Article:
One strategy of capitalism to deal with its growing and systemic crisis is to bring in new ideological concepts that divert attention from the issues at hand and their root causes.
Employability, entrepreneurship, flexibility and 'flexisecurity' are among the terms used by the EU to disguise rising inequalities and exploitation of the working classes.
These terms attempt to transfer the responsibility for the ongoing crisis and its consequences, such as unemployment, to the workers while promoting a social consciousness of acceptance of workers' exploitation, at the service of the economic and profit interests of the patronage.
The term 'empowerment' - as opposed to real emancipation - is an example of this creation or reinvention of concepts.
Instead of defending social and economic emancipation, a concept that implies the elevation of the class consciousness and the struggle to overcome inequalities between women and men, as well as social and class inequalities, the concept of empowerment is promoted, along with instruments aiming to promote 'women's ability to secure decent jobs' and 'accumulate assets'.
Unsurprisingly, many reports presented in Parliament propose - as part of these instruments of 'empowerment' - the creation of new lines of credit for women so they can 'take hold of their own future'.
These instruments promote debt and further dependence of women. This is an example of an ideological class concept that transfers the responsibility of a social and economic condition to the individual, while removing from the equation the political framework that actually creates such a condition.
Many proposals have been put forward to create the illusion of addressing the exploitation and discrimination of women.
The current reality shows us the opposite; 118 million people remain at risk of poverty or social exclusion in the EU28, of which 62.4 million are women (2015). The unemployment rate remains highest among women, while they have the lowest employment rate (59.6 per cent vs. 70.1 per cent in 2014).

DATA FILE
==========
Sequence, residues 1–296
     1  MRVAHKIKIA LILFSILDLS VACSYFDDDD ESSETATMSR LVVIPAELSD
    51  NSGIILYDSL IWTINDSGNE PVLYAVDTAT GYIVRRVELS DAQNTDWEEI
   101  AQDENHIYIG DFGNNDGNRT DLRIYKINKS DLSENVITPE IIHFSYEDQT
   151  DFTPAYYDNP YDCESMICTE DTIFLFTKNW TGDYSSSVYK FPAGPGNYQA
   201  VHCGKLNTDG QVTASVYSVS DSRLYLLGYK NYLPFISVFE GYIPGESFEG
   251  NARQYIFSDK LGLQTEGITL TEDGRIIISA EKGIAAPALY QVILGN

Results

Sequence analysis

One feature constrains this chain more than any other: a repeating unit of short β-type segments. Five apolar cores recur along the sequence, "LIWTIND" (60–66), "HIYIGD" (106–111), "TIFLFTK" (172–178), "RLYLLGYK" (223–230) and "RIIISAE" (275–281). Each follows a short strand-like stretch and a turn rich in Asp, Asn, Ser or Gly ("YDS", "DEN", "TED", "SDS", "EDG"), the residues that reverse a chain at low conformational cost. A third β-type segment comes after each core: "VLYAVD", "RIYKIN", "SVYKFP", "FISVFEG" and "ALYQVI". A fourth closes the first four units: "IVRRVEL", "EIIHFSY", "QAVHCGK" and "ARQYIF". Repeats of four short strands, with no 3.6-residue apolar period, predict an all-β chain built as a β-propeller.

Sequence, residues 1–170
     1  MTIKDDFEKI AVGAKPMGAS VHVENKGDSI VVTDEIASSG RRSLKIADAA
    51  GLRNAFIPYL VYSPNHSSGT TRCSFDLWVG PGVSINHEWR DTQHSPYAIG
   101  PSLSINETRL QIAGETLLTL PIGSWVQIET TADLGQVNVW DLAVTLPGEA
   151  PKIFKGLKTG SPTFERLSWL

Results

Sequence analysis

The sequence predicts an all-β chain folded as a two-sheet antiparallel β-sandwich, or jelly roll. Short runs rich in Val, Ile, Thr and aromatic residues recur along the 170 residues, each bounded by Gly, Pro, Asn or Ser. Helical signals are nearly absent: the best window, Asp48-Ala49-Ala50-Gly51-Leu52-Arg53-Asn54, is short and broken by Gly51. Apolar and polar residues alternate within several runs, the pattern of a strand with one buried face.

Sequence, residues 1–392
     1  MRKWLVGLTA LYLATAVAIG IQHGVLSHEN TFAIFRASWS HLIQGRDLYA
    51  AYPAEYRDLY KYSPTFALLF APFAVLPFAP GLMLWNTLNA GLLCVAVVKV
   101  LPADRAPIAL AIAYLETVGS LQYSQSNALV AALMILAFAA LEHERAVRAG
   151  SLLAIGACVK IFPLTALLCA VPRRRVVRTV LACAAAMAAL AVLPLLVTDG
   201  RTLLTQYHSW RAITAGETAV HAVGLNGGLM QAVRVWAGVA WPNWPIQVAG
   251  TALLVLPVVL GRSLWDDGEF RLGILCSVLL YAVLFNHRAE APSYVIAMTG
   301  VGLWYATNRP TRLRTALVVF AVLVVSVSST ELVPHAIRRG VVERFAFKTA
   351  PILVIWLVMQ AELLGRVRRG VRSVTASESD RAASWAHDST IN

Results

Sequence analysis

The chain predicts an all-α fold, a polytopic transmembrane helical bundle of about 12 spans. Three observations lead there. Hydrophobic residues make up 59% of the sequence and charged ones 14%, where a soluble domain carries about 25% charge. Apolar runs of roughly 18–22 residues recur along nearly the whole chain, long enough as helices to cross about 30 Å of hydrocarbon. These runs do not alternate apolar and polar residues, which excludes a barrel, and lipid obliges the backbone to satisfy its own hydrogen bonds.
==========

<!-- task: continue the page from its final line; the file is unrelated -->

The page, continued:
Women are more vulnerable to precarious work; they have the highest rate of part-time and temporary jobs; women are paid 16 per cent less than their male counterparts and have a pension gap imposed that stands at 40 per cent.
There are plenty of other examples that show that inequality and discrimination against women remain firmly rooted in Europe.
Inequality between men and women, as well as class inequality, has deepened due to member states' right-wing policies, and aggravated due to the macroeconomic, sectorial and austerity policies of the EU.
These policies have imposed strong attacks both on labour rights and social protection, as well as public services, leading to the impoverishment of people and the working class in the member states. The struggle for women's rights is inevitably linked to the fight against these right-wing policies and true emancipation through the elevation of women's social and political consciousness.
One can only truly tackle and reverse inequality with labour and social policies that guarantee, inter alia: the end of precarious work; strong restrictions in the use of temporary work; an increase in salaries and the implementation of the principle of equal pay for equal work; the reduction and regulation of working hours; strong defence of collective bargaining; guaranteed universal free access to high-quality public healthcare and education services.